How he managed to retain those rights is... well, it's just one of those wacky copyright stories you occasionally hear about.
U.S. District Judge Dean Pregerson granted summary judgment in the producer/director/actor's favor yesterday, ruling that the fact Beatty had begun work on a half-hour TV special, which had Warren dressed as the Dick Tracy character answering questions from film critic Leonard Maltin, satisfied a use-it-or-lose-it clause in an agreement with Tribune to produce a Dick Tracy movie or TV show or lose the rights to the character.Mr. Beatty had to do something with the character. So he appeared wearing a yellow trenchcoat in a half-hour program that aired one time on Turner Classic Movies in 2009. Not only is this the most half-assed attempt to retain rights that I've ever heard of (I'm sure there have been worse, I'm no expert), but it actually sullies TCM as well. They gave up half an hour of airtime to help Warren Beatty in his cynical attempt to keep the rights to a property that he hasn't done anything with since 1990.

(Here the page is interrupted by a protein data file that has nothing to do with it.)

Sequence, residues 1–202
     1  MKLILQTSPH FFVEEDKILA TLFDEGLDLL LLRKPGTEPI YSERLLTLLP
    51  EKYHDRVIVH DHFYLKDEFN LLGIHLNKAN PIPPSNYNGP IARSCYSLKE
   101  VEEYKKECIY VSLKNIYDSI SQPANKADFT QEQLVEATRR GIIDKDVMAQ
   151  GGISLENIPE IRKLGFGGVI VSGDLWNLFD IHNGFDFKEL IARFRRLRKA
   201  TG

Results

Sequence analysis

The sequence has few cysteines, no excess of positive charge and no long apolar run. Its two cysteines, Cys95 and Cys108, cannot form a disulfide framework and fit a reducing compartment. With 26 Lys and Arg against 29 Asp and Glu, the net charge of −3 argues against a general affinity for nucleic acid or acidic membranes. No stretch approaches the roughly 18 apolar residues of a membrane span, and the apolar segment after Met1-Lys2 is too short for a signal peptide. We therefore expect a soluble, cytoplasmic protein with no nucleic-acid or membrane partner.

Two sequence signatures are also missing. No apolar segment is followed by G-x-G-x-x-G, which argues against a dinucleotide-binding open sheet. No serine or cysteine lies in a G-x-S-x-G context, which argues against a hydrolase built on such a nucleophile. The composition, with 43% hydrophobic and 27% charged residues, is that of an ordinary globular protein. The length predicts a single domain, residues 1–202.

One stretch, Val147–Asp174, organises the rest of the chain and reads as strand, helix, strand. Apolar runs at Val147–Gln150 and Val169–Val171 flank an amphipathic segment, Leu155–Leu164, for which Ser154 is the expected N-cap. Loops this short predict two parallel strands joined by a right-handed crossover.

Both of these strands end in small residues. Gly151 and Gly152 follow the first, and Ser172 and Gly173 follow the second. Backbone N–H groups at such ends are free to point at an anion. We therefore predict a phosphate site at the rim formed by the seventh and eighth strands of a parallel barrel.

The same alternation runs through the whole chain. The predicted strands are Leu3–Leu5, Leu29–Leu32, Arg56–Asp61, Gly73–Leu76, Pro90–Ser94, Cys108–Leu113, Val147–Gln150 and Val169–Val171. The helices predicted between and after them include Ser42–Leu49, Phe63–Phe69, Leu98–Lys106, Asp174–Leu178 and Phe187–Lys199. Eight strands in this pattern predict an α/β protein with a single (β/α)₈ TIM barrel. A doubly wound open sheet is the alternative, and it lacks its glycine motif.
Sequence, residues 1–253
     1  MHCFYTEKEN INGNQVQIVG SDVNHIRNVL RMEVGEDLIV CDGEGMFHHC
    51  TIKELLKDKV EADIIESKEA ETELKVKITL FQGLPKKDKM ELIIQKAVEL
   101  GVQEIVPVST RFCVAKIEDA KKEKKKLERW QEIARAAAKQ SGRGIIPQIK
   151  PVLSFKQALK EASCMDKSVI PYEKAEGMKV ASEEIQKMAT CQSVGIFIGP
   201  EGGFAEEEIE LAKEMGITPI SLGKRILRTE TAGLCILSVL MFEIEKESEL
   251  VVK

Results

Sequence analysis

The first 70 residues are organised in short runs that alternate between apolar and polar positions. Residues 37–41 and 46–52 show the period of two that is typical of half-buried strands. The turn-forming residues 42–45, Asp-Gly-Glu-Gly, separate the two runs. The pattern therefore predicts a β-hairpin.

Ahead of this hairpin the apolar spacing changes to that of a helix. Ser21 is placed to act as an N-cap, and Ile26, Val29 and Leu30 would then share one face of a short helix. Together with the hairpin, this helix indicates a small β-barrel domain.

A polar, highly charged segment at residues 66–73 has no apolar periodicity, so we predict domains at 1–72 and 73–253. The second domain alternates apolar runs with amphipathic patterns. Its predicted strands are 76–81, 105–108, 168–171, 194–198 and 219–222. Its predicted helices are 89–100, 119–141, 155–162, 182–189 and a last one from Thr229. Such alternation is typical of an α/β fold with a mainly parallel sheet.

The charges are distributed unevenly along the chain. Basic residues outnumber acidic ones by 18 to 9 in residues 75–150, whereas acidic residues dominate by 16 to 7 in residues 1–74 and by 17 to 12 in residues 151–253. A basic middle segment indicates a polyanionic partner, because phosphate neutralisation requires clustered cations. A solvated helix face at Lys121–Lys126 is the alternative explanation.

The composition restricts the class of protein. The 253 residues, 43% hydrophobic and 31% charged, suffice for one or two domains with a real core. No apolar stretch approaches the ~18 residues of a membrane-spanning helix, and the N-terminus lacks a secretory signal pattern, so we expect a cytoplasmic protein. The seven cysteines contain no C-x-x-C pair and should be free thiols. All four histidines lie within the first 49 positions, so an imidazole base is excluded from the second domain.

As for that TV special which featured Beatty discussing how Dick Tracy has been portrayed on film over the years, it only ran on Turner Classic Movies in July 2009. Beatty only made it to keep his rights intact.
Of course, Tribune Company is a huge corporation, and whoever was the high-priced attorney who negotiated that original contract with Mr. Beatty, in which all he had to do to retain the rights to the character was wear a trenchcoat for half an hour, ought to be fired. At least when DC and Warners were fighting their Superman copyfight, they had to actually start filming a movie.
There were two memorable aspects to the 1990 Dick Tracy film.